figure 1

Flowchart showing search results and screening of studies. Five separate searches were conducted. After screening 53 papers were included

Characteristics of sources of evidence

Table  1 displays the characteristics of studies included in the review. The majority of the included studies (31 out of 50) used data collected in the United States of America (USA) [ 17 , 18 , 19 , 20 , 21 , 22 , 23 , 24 , 25 , 26 , 27 , 28 , 29 , 30 , 31 , 32 , 33 , 34 , 35 , 36 , 37 , 38 , 39 , 40 , 41 , 42 , 43 , 44 , 45 , 46 , 47 ], with four in the UK [ 48 , 49 , 50 , 51 ], three in Israel [ 41 , 52 , 53 ], two in Canada [ 54 , 55 ], one in Australia [ 56 ] and the others in Europe [ 57 , 58 , 59 , 60 , 61 , 62 , 63 ] or not specified [ 64 , 65 ].Most of the studies used hospital or ICU discharge databases [ 17 , 21 , 23 , 24 , 25 , 28 , 29 , 30 , 31 , 36 , 37 , 38 , 39 , 41 , 42 , 43 , 44 , 45 , 47 , 50 , 60 ], other sources included national birth or obstetric registries [ 48 , 49 , 51 , 62 , 63 ], death registry datasets [ 27 , 35 ], secondary analysis on data collected for other cohort studies [ 18 , 26 , 61 ], and a US cities public health dataset [ 22 ]. Six identified sepsis in neonatal patients or infants [ 21 , 47 , 53 , 55 , 56 , 63 ] and another only included children aged between 0 and 20 years [ 28 ]. The rest either specified adults only or did not specify any age restrictions for the cohorts.

The most common method of identifying sepsis in the studies was based on ICD codes. ICD-10 codes were used in twelve studies [ 17 , 20 , 27 , 28 , 32 , 40 , 46 , 54 , 60 , 61 , 62 , 63 ], ICD-9 codes were used in twenty-one studies [ 20 , 21 , 24 , 25 , 29 , 31 , 32 , 33 , 36 , 37 , 38 , 39 , 41 , 42 , 43 , 44 , 45 , 46 , 52 , 61 , 65 ] and one study did not specify which ICD version [ 34 ]. Of these studies, some used specific codes for sepsis, severe sepsis or septic shock whilst others used more comprehensive sets of codes including the Angus criteria [ 66 ] or Martin criteria [ 67 ]. Both the Angus and Martin methods include the sepsis specific codes and non-specific ICD codes for infection in combination with a code for organ dysfunction. Five studies [ 18 , 19 , 22 , 23 , 30 ] used the 2016 International Consensus definition for sepsis, otherwise known as the Sepsis-3 criteria [ 1 ]. Other studies used Systemic Inflammatory Response Syndrome with [ 50 ] and without criteria for organ dysfunction [ 26 , 64 ], medical chart review [ 48 , 49 , 51 , 53 , 55 , 56 , 59 ] or did not specify [ 22 , 35 , 47 , 57 , 58 ]. The size of the sepsis patient cohorts varied from 14 [ 56 ] to 16,779,820 [[ 33 ] with a median cohort size of 2,913.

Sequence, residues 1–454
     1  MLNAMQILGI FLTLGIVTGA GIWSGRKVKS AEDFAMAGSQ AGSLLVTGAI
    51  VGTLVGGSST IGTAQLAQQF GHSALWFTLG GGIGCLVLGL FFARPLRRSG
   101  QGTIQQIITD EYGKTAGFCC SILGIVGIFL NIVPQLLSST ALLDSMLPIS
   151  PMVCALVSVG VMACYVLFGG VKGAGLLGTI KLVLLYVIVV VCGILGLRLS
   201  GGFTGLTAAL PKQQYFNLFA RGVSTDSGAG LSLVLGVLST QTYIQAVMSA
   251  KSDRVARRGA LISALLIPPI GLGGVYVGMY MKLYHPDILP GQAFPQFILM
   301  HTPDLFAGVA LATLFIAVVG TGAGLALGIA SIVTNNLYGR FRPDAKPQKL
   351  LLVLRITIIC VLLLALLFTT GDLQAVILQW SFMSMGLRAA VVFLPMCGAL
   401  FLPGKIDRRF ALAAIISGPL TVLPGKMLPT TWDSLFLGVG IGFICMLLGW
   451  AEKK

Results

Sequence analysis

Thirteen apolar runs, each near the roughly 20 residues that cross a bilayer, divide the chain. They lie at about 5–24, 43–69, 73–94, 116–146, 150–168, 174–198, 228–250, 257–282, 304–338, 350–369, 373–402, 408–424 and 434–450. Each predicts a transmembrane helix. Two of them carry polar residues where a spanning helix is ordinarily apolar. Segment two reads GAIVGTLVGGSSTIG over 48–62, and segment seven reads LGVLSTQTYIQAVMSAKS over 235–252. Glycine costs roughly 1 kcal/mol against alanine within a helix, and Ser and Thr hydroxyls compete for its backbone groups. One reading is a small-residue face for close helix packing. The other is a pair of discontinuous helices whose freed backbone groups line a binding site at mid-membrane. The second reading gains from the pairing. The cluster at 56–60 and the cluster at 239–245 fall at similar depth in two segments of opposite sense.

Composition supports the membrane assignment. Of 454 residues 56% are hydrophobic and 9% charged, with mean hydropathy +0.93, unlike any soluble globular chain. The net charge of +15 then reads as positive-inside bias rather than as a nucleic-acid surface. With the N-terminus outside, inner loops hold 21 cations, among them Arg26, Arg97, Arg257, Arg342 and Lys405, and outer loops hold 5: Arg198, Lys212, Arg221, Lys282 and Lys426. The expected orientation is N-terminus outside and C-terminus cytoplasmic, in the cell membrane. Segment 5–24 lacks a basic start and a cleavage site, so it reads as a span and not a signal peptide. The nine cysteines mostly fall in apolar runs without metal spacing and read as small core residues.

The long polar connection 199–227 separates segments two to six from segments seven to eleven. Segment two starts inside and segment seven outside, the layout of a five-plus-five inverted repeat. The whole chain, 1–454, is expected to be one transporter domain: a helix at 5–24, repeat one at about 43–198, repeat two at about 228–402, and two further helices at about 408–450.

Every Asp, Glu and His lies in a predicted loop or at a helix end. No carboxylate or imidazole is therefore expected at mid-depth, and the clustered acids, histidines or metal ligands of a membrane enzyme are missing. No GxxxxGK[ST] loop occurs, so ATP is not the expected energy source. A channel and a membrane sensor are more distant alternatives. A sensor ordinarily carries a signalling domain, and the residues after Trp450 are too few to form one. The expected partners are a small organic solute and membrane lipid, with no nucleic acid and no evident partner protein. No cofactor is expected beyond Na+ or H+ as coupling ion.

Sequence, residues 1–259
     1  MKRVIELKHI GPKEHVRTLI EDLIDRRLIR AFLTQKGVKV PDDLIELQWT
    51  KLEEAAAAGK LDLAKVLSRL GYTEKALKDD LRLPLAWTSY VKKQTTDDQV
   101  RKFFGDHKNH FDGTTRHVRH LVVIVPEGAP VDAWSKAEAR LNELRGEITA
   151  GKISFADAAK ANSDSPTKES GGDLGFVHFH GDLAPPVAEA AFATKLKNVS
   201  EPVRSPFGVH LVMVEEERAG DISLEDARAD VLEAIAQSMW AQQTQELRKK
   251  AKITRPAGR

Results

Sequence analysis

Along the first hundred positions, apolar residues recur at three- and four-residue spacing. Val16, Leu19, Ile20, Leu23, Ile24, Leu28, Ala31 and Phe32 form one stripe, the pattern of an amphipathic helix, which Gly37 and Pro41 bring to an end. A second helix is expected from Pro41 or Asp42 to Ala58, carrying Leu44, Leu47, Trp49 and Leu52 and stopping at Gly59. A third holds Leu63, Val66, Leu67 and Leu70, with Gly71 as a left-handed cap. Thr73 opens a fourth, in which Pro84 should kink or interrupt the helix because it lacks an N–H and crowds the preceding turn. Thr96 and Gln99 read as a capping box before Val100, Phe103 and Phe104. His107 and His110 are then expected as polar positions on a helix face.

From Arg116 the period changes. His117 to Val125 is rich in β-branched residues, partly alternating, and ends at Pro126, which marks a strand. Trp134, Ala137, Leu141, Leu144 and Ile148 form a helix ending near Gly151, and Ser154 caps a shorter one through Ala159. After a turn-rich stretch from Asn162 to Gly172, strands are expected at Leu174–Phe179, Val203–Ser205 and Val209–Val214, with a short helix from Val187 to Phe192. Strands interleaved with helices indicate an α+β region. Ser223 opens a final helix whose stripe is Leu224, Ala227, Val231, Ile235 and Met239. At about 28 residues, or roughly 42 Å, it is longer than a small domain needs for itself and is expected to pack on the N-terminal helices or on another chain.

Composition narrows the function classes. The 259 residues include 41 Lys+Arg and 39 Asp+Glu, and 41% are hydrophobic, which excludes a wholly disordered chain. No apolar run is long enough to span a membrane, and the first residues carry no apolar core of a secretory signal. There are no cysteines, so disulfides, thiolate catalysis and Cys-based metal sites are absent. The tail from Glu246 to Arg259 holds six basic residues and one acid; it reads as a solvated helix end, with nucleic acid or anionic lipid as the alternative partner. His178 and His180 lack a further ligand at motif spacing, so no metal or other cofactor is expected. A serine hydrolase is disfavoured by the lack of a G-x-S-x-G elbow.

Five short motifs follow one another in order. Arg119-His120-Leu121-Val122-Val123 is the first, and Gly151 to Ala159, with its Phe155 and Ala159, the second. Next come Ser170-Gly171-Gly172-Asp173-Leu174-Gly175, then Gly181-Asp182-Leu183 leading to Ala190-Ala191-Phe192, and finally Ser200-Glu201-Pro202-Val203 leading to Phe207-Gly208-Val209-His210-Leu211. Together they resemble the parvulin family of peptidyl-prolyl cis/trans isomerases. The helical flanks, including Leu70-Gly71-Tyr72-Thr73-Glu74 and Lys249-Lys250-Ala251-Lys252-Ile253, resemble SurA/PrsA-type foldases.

Regarding outcomes, 15 studies assessed the incidence or risk of sepsis [ 18 , 26 , 29 , 31 , 37 , 41 , 42 , 48 , 49 , 50 , 54 , 57 , 59 , 60 , 61 , 62 ], 23 studies looked at in-hospital (or short-term) mortality [ 17 , 19 , 20 , 21 , 24 , 25 , 28 , 31 , 33 , 34 , 36 , 37 , 39 , 43 , 44 , 45 , 50 , 51 , 52 , 54 , 58 , 59 , 65 ], four studies assessed mortality after hospital discharge [ 30 , 32 , 38 , 58 ], five studies assessed hospital readmission rates after discharge [ 23 , 30 , 32 , 40 , 58 ] and four studies calculated population-level sepsis mortality rates [ 22 , 27 , 35 , 61 ]. Seven of the studies relating to pregnancy assessed adverse perinatal outcomes and incidence of sepsis in neonates [ 46 , 47 , 53 , 55 , 56 , 63 , 64 ].

Results of individual sources of evidence

Socioeconomic factors.

The most common socioeconomic factors were income, level of education, employment status, unemployment rate and poverty rate. Others included were insurance status, occupation, cohabitation status and access to healthcare. There was variation in whether these were recorded at an individual level or matched to local data based on small area geographic identifiers (ZIP/postcode), and whether they were summarised into an overall score or included as individual covariates.

Five studies assessed the impact of socioeconomic factors on sepsis incidence or risk of developing sepsis. Factors found to be associated with increased risk of sepsis included low income [ 54 , 60 ], low education level [ 57 , 60 , 61 ], lower socioeconomic status [ 18 ], marital/living status [ 54 , 57 ] not being in work [ 54 , 57 ], lower class of occupation and those who receive social benefits [ 61 ]. Three studies assessed 30-day or in-hospital mortality, which all found lower income was associated with increased risk of mortality when compared to the highest income groups. Another study reported decreased odds for highest household income quartile compared to the lowest quartile [ 20 ]. Hidalgo et al. [ 19 ] reported that unemployment and a neighbourhood poverty rate > 10% were all predictive of greater 30-day mortality. One study calculated population sepsis mortality rates per 10,000 persons and compared between income and poverty levels. Low-income neighbourhoods had a death rate of 3.65 (inter-quartile range (IQR) 2.78–4.40) versus high income neighbourhoods 2.80 (IQR 2.05–3.55) and high poverty neighbourhoods 4.20 (IQR 2.90–5.30) versus low poverty neighbourhoods 2.90 (IQR 2.00-3.60) [ 22 ]. For longer-term outcomes, two studies assessed the impact of socioeconomic factors on 30-day readmission after discharge. Lower income, lack of health insurance [ 23 ] and being more socioeconomically disadvantaged [ 23 ] were found to be associated with increased risk.